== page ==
When Language forwarded me the reply from Rao, Lee, and colleagues (2015; henceforth Rao et al.) to my article in Language 90.2 (Sproat 2014), I was offered an opportunity to respond, but I was also instructed to be brief. Fortunately, it is easy to be brief since I believe my article lays out the case very well, and the reader need only look there and at Rao et al.’s original articles to see that I did not misunderstand or misrepresent their views, as they claim.
Ran Zadok, The Origin of the Name Shinar. Zeitschrift f‰r Assyriologie 74 (1984), 240–244.
Sanhara/Sin’ar was the usual name for Babylonia among the peoples dwelling west of the Euphrates during the latter half of the second millennium B.C. when Babylonia was under Kassite rule. Only documents of Hittite rulers, who were allies of the Kassites, and two Amarna letters concerning commerce with Babylonia do employ the official Kassite name Karduniaä for Babylonia.
Typologically, this can be analogous to JAram. Ty(y)’‘ “Arabs”, Latin Graeci, Graii “Greeks” and French Allemands “Germans”.
The Sumerian Interpretation of the name Shinar causes an historical problem. The difficulty is why this geographical term first appears äs late äs the latter half of the second millennium B.C., long after the disappearance of the Sumerians. My proposal concerning the origin of the name Shinar eliminates this problem.
Jerrold S. Cooper, Inanna: Queen of Heaven and Earth. Biblical Archaeologist 47 (1984), iii, 188–189.
Inanna: Queen of Heaven and Earth, by Diane Wolkstein and Samuel Noah Kramer, xix + 227 pp., New York: Harper & Row, 1983; $ 7.95 (Paper), $ 16.95 (Cloth).
Is this a woman who can serve “as inspiration, guide and model – for ourselves as well as for our children” (page xv)? The book under review was conceived by Wolkstein, a “story-teller and folklorist,“ to present the goddess for just such a purpose, and if this purpose has been served, it is only by presenting a very incomplete portrait of the goddess Inanna.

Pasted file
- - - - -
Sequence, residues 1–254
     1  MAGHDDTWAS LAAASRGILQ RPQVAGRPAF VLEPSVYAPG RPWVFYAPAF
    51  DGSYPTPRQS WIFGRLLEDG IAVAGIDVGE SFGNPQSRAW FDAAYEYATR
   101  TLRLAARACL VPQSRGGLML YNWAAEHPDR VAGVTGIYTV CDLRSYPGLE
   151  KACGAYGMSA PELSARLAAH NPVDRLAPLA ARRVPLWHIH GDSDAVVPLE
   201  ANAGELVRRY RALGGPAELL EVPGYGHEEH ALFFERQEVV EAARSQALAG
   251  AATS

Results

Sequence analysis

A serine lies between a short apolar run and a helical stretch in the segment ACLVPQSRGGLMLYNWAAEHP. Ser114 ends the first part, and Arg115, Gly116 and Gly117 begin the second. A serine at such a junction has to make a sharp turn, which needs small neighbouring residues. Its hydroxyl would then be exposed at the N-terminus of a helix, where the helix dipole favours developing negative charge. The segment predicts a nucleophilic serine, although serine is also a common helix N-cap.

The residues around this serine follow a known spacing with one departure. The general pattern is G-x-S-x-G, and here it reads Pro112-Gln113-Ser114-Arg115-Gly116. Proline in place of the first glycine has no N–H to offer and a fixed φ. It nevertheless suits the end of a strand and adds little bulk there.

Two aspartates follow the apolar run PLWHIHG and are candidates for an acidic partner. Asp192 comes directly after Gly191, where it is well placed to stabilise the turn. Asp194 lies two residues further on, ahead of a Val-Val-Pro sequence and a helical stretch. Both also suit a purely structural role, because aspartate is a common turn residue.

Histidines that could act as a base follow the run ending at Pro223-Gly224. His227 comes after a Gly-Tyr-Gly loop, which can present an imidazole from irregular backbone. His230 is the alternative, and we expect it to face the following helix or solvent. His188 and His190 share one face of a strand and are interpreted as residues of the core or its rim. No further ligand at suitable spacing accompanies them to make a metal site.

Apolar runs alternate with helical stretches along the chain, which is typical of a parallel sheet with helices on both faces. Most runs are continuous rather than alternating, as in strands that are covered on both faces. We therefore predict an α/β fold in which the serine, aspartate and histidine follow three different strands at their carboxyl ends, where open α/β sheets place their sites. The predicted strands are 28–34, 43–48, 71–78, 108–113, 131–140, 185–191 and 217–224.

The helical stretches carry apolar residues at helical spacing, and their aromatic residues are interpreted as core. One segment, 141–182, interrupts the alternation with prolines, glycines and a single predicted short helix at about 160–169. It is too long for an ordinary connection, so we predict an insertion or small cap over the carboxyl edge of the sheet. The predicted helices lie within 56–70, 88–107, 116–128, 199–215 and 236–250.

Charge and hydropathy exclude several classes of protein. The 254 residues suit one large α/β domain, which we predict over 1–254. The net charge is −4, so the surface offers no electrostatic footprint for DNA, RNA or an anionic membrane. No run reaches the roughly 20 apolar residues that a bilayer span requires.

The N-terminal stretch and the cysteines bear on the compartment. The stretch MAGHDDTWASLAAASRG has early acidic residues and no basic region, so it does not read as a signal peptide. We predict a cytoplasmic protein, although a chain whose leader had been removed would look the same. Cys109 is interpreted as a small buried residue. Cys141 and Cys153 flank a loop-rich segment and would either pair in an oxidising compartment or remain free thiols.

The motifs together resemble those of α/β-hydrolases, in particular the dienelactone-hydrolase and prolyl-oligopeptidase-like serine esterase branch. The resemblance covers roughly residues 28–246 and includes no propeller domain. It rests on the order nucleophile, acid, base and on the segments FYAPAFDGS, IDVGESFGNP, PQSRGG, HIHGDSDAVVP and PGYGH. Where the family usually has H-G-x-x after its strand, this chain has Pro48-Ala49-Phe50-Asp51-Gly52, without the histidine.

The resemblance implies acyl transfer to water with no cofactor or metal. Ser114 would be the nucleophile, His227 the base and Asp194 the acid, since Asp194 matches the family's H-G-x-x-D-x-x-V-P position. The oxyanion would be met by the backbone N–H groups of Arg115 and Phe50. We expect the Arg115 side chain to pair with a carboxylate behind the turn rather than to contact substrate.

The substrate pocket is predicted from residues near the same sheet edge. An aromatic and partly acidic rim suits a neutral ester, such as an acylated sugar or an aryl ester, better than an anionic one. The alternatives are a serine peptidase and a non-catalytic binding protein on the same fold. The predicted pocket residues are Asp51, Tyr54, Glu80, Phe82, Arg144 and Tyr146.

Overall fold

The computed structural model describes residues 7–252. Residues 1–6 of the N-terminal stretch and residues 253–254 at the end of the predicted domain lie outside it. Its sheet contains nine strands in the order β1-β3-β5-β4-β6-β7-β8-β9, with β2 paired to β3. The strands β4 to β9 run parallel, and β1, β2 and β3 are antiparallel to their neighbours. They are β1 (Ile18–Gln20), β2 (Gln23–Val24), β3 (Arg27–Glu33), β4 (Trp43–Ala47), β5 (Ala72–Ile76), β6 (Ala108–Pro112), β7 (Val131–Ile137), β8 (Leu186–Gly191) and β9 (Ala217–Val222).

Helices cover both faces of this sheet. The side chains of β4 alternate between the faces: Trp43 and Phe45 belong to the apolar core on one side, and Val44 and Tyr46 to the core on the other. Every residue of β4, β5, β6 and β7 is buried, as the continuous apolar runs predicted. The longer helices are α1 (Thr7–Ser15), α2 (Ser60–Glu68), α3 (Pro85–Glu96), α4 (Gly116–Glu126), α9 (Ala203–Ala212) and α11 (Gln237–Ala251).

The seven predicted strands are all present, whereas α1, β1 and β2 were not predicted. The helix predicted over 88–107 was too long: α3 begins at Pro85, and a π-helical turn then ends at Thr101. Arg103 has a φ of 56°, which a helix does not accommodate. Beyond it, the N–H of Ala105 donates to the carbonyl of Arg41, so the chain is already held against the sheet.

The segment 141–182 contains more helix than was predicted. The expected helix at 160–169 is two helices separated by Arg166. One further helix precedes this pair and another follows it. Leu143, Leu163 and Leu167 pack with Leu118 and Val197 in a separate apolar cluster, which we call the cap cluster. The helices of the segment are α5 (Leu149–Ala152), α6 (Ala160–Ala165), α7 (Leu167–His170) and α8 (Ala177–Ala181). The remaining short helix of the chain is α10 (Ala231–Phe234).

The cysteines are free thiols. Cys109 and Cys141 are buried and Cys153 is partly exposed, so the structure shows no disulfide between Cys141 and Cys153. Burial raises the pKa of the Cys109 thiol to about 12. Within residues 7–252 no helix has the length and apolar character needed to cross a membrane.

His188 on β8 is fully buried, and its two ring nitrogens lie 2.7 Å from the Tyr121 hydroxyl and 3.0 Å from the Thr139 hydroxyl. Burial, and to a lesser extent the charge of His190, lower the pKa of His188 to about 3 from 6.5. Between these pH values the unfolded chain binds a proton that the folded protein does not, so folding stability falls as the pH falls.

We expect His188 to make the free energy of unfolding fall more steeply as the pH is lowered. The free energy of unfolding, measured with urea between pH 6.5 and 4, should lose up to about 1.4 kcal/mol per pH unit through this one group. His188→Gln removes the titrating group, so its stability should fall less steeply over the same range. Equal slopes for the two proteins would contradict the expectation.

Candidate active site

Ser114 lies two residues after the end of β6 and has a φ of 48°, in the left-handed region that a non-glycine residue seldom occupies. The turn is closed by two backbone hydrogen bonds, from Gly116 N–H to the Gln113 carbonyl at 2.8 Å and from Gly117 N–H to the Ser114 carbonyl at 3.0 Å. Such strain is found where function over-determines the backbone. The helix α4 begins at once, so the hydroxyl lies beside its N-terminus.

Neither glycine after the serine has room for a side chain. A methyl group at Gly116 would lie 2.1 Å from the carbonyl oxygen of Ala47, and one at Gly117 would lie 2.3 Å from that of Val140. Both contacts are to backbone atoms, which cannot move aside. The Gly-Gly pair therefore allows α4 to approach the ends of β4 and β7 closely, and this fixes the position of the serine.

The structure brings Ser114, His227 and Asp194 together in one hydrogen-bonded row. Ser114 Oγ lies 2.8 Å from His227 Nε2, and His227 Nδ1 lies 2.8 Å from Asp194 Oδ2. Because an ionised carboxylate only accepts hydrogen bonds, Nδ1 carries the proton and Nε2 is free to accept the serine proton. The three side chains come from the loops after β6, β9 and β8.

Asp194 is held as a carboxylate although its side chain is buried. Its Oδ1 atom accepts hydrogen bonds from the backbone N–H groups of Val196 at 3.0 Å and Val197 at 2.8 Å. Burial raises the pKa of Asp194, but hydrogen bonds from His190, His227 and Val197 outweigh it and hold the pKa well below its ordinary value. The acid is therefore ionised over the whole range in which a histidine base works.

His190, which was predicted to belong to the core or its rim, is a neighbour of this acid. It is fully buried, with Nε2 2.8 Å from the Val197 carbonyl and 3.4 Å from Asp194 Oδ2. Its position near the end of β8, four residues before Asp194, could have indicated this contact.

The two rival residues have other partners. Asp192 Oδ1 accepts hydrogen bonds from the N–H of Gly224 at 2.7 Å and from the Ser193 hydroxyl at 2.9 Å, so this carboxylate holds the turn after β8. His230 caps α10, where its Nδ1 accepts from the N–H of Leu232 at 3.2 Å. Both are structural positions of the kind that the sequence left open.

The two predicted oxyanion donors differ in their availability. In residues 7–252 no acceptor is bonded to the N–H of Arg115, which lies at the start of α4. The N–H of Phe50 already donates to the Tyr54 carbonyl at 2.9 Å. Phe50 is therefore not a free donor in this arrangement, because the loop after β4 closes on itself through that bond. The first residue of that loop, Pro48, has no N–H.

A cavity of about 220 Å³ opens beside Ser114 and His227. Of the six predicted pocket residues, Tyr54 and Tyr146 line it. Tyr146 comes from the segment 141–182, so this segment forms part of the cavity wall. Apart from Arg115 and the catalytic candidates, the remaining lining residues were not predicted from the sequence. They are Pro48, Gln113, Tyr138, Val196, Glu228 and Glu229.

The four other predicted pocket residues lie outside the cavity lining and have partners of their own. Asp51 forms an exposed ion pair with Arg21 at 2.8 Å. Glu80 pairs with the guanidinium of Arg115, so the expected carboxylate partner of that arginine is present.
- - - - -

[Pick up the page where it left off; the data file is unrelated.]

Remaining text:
Wolkstein also misses another unpleasant aspect of Inanna that is evident in some of the texts she has selected. Inanna is power hungry and manipulative. Her acquisition of the me – the norms or powers of civilization – from the drunk Enki is but one example in Sumerian mythology of her unwillingness to be satisfied with the already considerable power with which she was originally endowed. And an unbiased reading of Inanna’s Descent can only lead to the conclusion that Inanna went to the netherworld because, in the text’s words, she “craved the Great Below,“ in addition to the “Great Above” which was already hers, and not, as Wolkstein suggests, in search of knowledge, or, as she suggests a few pages later, to be with her sister Ereshkigal who “had gone into labor and needed to be reborn”.
The contributions by Kramer, the Nestor of Sumerian studies, are up to his usual standard. For those wanting a more scholarly presentation of the translations, or who are perhaps worried about how Wolkstein may have altered the texts, Kramer provides convenient notes on his sources and on what changes were made for this edition. His introduction to the Sumerians is the best ten-page “all you’ve ever wanted to know about the Sumerians” one could ask for, and the story of his recovery of a Sumerian myth is an excellent window laypersons on the arduous tasks of the philologist.
Wolkstein’s commentary on the Inanna stories and hymns is unfortunately filled with misinterpretations and misunderstandings of things Sumerian, couched in a vocabulary heavily influenced by neo-Jungians, the human potential movement, and pop structuralism.
Despite all the criticisms above, the book is not without merit. My teen-age daughter, who has for most of her life avoided anything smacking of Sumer, unwittingly picked the book up and couldn’t put it down. Neither could her friends, with whom she shared it.
William W. Hallo, Inanna: Queen of Heaven and Earth. Biblical Archaeologist 47 (1984), iii, 188.
Inanna: Queen of Heaven and Earth, by Diane Wolkstein and Samuel Noah Kramer, xix + 227 pp., New York: Harper & Row, 1983; $ 7.95 (Paper), $ 16.95 (Cloth).
It is the thesis of this book that Sumerian religious beliefs included a self-contained, coherent, and consistent conception of the pantheon. This thesis, which runs counter most previous views on the subject, is not explicitly stated; rather, it is implicitly defended and illustrated by appeal to the example of Inanna.
It can easily be faulted. It should not be regarded as an authoritative presentation of the material in question: omits whole compositions – indeed whole cycles of compositions, such as the three great hymns to Inanna tributed to the princess-poetess Enheduanna-which are equally valid for an assessment of the goddess; it rearranges the material in a way which, even with the help of the “Notes on the textual editing” (pages 205-207), makes collation with the originals difficult.
And, finally, though it is hard to accept her “Interpretations of Innana’s stories and hymns” (pages 136-173), the principal author has alerted us to the possibilities of a holistic, folkloristic reassessment of Sumerian poetry. Perhaps such a reassessment will eventually help win overdue recognition for what is at once the world’s earliest literary corpus and the latest to be recovered.